A variable star is a star whose brightness
as seen from Earth fluctuates.
- Variable stars are stars that do not burn steadily like the sun, but flare up and down
- Pulsation variable are stars that expand and contract – they include stars known as Cepheid variable and RR Lyare variable.
Perioic Variable Stars
– variable are big, bright stars that pulsate with energy, flaring up regulatory every one to 50 days.
– variable are so predictable in brightness they make good distance markers.
– variable are yellow supergaint stars near the end of their life that flicker as their fuel runs down.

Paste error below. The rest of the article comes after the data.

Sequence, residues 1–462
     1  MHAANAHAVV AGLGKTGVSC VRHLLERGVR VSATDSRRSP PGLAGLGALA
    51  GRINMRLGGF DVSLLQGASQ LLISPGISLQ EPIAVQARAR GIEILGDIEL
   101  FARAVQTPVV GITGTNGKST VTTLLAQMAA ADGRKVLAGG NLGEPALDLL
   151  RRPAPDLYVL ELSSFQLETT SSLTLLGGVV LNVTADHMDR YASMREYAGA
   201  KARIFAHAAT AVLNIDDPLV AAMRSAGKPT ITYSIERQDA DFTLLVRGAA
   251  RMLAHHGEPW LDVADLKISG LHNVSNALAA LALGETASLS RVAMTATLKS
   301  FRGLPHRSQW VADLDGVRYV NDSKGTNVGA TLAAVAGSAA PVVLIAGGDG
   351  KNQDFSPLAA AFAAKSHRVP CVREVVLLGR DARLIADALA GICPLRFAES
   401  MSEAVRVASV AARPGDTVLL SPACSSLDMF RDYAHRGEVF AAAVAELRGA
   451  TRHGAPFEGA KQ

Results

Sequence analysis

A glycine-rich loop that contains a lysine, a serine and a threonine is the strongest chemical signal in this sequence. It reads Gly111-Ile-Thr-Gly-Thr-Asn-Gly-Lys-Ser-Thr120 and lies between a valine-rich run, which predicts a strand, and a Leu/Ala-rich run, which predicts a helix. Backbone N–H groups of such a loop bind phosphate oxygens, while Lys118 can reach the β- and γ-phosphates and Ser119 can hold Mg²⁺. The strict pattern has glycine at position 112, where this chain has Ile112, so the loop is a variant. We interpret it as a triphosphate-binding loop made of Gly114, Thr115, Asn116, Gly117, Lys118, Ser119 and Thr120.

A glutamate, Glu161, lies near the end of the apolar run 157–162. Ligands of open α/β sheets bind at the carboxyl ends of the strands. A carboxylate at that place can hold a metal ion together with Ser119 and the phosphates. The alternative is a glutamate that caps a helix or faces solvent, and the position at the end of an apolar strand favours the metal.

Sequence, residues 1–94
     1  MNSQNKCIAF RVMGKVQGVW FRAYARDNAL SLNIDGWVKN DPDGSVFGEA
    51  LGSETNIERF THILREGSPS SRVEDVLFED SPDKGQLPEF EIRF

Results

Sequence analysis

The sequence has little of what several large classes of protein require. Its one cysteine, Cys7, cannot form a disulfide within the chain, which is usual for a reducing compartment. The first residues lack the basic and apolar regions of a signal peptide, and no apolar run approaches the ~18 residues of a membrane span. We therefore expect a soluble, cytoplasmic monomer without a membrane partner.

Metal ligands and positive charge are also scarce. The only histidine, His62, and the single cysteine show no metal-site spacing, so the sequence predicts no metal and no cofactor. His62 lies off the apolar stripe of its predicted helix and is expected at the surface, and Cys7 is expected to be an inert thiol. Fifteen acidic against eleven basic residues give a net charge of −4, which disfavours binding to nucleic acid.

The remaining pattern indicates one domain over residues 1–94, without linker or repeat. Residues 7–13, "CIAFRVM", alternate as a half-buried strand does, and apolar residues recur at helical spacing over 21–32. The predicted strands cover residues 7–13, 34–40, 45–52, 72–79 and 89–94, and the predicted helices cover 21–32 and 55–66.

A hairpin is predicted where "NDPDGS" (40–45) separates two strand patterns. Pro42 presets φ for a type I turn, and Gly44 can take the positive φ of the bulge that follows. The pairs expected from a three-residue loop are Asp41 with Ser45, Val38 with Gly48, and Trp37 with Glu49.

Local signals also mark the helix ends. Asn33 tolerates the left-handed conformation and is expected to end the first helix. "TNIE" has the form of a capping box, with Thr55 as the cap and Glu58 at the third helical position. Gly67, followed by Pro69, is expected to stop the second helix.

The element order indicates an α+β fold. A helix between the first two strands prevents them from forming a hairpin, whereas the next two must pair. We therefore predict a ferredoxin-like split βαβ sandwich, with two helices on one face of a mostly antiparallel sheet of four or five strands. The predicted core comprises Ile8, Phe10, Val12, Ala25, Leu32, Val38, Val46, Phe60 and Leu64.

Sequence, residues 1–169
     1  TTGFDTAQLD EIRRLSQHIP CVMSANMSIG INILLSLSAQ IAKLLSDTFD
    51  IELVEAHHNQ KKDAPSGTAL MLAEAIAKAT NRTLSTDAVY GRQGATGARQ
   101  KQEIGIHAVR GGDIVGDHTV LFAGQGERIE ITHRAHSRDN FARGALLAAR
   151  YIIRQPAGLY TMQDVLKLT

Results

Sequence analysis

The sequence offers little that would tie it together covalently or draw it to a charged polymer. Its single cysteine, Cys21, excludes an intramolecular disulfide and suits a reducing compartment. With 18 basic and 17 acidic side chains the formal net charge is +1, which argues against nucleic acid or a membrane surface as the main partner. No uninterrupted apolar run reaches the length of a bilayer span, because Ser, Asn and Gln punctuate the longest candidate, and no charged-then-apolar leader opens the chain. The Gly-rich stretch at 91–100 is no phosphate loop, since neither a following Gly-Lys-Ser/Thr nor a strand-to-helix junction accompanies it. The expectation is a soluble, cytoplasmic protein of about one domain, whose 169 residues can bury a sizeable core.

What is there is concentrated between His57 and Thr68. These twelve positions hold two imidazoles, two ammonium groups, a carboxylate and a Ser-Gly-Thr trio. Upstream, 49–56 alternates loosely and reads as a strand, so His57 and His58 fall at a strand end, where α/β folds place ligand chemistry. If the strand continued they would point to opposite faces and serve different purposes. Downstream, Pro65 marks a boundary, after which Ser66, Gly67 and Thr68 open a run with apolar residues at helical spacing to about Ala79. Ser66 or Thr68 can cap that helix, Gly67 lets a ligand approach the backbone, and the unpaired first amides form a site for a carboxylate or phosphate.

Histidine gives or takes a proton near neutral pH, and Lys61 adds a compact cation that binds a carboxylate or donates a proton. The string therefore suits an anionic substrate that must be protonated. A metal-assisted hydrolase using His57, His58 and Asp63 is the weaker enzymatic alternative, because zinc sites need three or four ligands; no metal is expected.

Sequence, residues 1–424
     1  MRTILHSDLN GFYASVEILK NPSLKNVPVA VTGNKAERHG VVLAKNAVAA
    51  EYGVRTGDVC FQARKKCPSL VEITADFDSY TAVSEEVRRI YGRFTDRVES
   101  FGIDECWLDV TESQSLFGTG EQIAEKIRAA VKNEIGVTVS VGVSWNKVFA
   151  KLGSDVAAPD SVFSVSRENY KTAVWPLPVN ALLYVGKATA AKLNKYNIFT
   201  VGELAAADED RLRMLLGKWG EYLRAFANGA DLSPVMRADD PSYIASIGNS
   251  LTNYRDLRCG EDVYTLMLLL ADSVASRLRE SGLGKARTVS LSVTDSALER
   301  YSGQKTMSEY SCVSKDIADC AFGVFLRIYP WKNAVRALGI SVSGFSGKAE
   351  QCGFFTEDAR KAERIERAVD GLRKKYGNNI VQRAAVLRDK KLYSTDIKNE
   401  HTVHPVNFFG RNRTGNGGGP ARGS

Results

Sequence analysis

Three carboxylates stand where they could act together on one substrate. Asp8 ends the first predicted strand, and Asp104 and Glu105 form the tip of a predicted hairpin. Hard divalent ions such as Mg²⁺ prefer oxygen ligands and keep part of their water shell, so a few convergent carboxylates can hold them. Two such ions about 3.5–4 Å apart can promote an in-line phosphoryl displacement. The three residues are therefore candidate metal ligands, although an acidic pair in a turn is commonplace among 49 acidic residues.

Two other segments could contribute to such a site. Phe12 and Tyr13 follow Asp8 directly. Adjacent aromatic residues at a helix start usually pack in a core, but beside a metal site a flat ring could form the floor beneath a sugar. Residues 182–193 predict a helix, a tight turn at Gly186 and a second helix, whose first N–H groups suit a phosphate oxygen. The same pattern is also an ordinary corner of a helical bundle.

– Mira-type variable are similar to Mira in Cetus, the whale, and vary regularly over months or years.
– variables are very unpredictable, flaring up and down over changing period of time.
– eclipsing variable are really eclipsing binaries (see binary stars). they seem to flare up and down, but in fact are simply one star getting in the way of other.
– the Demon Star is Algol in Perseus. It seems to burn fiercely for 59 hours, become dim, then flare up again after 10 hours later. It is really an eclipsing binary.
– the vanishing star is Chi in Cygnus – it can be seen with the naked eye for a few months each year, but them become so dim it cannot be seen, even with large armature telescope.